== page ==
## Klitzing snubs, multi-snubs

Discussion of tapertopes, uniform polytopes, and other shapes with flat hypercells.

### Klitzing snubs, multi-snubs

I was studying this post, and thinking that there should be a more abstract description of the snubbing process, applicable to the symmetry group itself, rather than the polytope.

For ordinary snubs, i.e. alternated omnitruncates, the new symmetry group is simply the rotational subgroup of the original symmetry group, which was generated by reflections. The new group is generated by the same reflections, but the total number of reflections applied must be an even number.

Klitzing wrote:In the example above we considered omnitruncated figures only, i.e. Dynkin symbols with all nodes being ringed, for snubbing. Now we will go on. We not only allow polytopes, the Dynkin symbols of which do use unringed nodes as well, for starting figures. We even would allow to alternate not only vertices, but even higher dimensioanl elements as well, e.g. edges, faces, cells, etc.

The procedure would be as follows. Take any Dynkin diagram of any reflectional symmetry, and decorate the nodes by any choice with ringed nodes, with un-ringed nodes, and with snub nodes. I would use as an example x3o4s, but it would apply generally.

1st step: replace any "s" node by an "x" node (here: x3o4x = sirco). This would be the starting figure.
2nd step: omit any "s" node together with all incident links (here: x3o . = triangle). This is the element to be alternated.
Alternation again takes place as above, just that we dont have pyramids any longer, but more general cupolaic elements, which are to be removed locally in an alternating way. Still there are new facets underneath the omitted elements, which come in as new facets, while the other ones are to be diminished somehow.

In our example the cut off elements are x3o || x3q (triangles atop semiregular hexagons). Thus we omit any second triangle, and replace those by those hexagons. The other triangles would be kept in place. The squares in cubical positions are to be reduced to one of their diagonals, the squares in rhombical positions are completely withdrawn together with those alternated triangles. So we would result with a figure, which is a topological variant of the truncated tetrahedron, in fact it is q3x3o.

In that example, the original symmetry group obviously is o3o4o; an element of this group is a composition of any number of reflections using the three mirrors represented by the three nodes. An element of the new symmetry group is a composition of any number of reflections using the first two mirrors (the 'x' and 'o' nodes) and an even number of reflections using the third mirror (the 's' node).

Let's call the three generating reflections f,g,h (corresponding to 'x','o','s' respectively), so we have f^2 = g^2 = h^2 = (fg)^3 = (gh)^4 = (fh)^2 = 1 (the identity transformation). The original group contains all of the following transformations; the new group contains only those where the number on the right is even:

1; (0 non-snubbed reflections, 0 snubbed reflections)
f, g; (1 non-snubbed, 0 snubbed)
h; (0 non-snubbed, 1 snubbed)
ff=1, fg, gf, gg=1; (2 non-snubbed, 0 snubbed)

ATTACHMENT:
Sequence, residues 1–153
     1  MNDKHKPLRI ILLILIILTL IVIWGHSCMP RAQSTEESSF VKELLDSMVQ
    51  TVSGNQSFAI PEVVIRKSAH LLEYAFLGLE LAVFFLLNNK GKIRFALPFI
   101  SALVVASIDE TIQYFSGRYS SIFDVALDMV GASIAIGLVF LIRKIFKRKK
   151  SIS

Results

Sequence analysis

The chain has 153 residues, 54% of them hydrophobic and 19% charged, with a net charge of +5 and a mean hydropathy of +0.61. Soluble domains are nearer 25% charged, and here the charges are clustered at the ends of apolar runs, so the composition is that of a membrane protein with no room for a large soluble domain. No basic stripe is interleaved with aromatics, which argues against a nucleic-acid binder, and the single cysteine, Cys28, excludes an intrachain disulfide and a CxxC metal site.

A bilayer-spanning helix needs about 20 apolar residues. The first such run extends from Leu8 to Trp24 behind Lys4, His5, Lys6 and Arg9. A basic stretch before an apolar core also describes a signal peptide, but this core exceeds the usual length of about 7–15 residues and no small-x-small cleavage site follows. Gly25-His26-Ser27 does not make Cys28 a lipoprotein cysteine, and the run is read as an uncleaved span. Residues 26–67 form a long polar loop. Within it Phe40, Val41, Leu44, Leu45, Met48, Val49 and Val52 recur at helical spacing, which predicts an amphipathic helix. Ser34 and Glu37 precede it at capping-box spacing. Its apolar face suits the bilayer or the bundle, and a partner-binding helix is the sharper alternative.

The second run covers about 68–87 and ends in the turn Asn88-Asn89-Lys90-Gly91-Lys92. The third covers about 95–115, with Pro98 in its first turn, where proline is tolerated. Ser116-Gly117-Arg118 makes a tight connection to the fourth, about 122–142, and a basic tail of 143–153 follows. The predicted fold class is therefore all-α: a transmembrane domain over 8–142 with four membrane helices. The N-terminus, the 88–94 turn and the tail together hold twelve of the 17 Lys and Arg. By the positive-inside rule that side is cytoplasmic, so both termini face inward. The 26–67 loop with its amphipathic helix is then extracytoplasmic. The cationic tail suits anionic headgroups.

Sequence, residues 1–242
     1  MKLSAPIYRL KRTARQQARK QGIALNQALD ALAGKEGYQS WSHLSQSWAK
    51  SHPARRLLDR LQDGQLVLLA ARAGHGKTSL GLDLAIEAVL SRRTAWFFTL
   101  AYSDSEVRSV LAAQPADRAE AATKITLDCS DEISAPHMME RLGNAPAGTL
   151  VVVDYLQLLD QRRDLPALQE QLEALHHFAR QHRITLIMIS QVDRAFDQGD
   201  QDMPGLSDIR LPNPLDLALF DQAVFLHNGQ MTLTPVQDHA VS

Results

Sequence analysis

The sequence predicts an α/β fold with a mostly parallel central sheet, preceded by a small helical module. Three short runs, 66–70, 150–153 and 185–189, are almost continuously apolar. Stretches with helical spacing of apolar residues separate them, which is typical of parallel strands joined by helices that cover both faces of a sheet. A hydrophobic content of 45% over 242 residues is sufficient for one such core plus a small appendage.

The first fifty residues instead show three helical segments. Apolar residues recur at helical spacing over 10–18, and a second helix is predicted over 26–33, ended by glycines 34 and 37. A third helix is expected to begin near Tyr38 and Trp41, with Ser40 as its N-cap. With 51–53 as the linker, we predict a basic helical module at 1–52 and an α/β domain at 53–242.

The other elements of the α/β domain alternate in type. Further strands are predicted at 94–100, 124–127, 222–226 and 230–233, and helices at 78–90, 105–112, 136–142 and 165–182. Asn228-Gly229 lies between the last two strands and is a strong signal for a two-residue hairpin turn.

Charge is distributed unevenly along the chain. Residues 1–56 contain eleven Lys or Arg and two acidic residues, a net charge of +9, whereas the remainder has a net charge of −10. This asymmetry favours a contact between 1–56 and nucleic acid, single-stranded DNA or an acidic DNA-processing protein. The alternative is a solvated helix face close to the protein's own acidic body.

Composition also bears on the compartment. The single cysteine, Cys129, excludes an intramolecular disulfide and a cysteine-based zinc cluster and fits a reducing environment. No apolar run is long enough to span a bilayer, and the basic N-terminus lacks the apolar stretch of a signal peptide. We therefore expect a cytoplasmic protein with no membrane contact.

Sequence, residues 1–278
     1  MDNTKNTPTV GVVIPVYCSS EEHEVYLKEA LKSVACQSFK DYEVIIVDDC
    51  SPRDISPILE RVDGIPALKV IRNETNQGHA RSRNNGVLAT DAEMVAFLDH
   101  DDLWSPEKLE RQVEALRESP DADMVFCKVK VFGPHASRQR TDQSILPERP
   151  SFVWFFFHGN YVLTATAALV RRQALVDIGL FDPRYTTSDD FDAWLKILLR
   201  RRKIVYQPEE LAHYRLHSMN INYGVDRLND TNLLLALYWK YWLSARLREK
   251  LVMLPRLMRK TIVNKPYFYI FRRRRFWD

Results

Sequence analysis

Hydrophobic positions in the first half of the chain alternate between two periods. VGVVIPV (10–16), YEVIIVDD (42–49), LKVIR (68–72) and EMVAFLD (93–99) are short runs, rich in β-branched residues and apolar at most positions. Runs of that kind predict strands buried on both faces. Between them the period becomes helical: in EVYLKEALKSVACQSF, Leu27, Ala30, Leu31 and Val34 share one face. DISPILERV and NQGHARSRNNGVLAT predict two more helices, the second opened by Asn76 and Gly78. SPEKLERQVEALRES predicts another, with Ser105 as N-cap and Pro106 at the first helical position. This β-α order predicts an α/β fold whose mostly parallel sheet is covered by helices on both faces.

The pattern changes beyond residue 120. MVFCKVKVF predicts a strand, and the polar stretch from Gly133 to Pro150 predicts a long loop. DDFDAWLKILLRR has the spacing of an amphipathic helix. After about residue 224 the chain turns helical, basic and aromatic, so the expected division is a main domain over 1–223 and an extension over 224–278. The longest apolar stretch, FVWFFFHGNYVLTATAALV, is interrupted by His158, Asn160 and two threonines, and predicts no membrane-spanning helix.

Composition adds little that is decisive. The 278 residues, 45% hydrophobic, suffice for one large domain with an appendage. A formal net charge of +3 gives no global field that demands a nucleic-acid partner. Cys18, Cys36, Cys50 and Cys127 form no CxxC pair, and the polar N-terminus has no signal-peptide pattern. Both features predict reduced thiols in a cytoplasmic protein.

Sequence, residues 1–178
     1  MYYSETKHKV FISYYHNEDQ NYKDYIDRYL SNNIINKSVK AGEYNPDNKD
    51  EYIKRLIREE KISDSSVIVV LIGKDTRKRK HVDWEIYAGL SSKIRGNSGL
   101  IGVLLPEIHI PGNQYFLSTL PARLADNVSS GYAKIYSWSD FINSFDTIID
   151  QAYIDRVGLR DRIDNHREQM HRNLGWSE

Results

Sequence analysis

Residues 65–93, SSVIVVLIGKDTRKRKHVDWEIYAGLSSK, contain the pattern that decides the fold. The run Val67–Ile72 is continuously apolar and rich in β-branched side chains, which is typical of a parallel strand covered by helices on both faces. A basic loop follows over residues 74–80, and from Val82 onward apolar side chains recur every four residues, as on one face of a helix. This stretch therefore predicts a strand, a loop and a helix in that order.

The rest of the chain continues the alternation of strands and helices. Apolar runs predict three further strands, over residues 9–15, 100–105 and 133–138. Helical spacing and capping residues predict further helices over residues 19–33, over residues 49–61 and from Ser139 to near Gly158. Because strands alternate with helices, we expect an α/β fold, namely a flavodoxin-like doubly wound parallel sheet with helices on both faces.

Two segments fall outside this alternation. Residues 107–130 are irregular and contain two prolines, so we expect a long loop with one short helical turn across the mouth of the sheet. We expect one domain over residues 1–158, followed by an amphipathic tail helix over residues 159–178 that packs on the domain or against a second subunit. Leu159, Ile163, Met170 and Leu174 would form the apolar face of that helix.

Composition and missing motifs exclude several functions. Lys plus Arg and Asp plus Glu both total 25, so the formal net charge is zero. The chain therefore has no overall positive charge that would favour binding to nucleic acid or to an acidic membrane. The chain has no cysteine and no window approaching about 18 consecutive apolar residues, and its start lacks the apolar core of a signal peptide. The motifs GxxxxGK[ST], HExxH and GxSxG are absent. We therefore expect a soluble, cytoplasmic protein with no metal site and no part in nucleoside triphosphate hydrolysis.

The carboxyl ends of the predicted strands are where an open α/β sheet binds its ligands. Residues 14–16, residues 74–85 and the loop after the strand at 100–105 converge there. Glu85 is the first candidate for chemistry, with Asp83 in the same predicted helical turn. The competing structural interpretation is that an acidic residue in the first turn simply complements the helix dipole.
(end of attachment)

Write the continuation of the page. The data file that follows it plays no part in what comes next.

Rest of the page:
fh, gh, hf=fh, hg; (1 non-snubbed, 1 snubbed)
hh=1; (0 non-snubbed, 2 snubbed)
fff=f, ffg=g, fgf, fgg=f, gff=g, gfg, ggf=f, ggg=g; (3, 0)
ffh, fgh, gfh, ggh, fhf, fhg, ghf, ghg, hff, hfg, hgf, hgg; (2, 1)
fhh, ghh, hfh, hgh, hhf, hhg; (1, 2)
hhh; (0, 3)
etc.

It seems that a general snub symmetry group is just all of those transformations where the total number of reflections in snubbed mirrors is an even number. This is clearly a subgroup; it contains the identity (as 0 is even), it's closed under composition (as a sum of even numbers is even), and it's closed under inversion (as reversing a sequence of reflections doesn't change the count of each type). It's another question, whether the subgroup is actually smaller than the original group. Note that a transformation can have many different representations, some with odd numbers and some with even numbers; consider fgfgfg=1, where the left representation has 3 f's and 3 g's, and the right has 0 f's and 0 g's.
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mr_e_man
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### Re: Klitzing snubs, multi-snubs

A multi-snub symmetry group, then, is all of those transformations where the total number of reflections from each snubbed subset is an even number. That is, several sums must all be even, instead of just one sum being even.

The snubbed subsets may even overlap; some nodes could be snubbed twice!

This clearly doesn't depend on the order. (It's just an intersection of subgroups, each being singly-snubbed.) So what is going on here with s3s4s' ?

One answer, of course, is that Klitzing is considering polytopes, whereas I'm considering groups. Another answer is the fixing of edge lengths, which may add symmetry to the polytope or change the faces of the convex hull. Note that the hexagons in tut may be broken into 4 triangles each, making it isomorphic to ike.

In any case, the symmetry group s3s4s' is the intersection of s3s4o (pyritohedral group) and o3o4s (full tetrahedral group), which is isomorphic to s3s3s (chiral tetrahedral group).

What about the notation? The current multi-snub notation doesn't allow overlapping sets of snubbed nodes, and it doesn't describe the edge lengths of non-uniform snubs....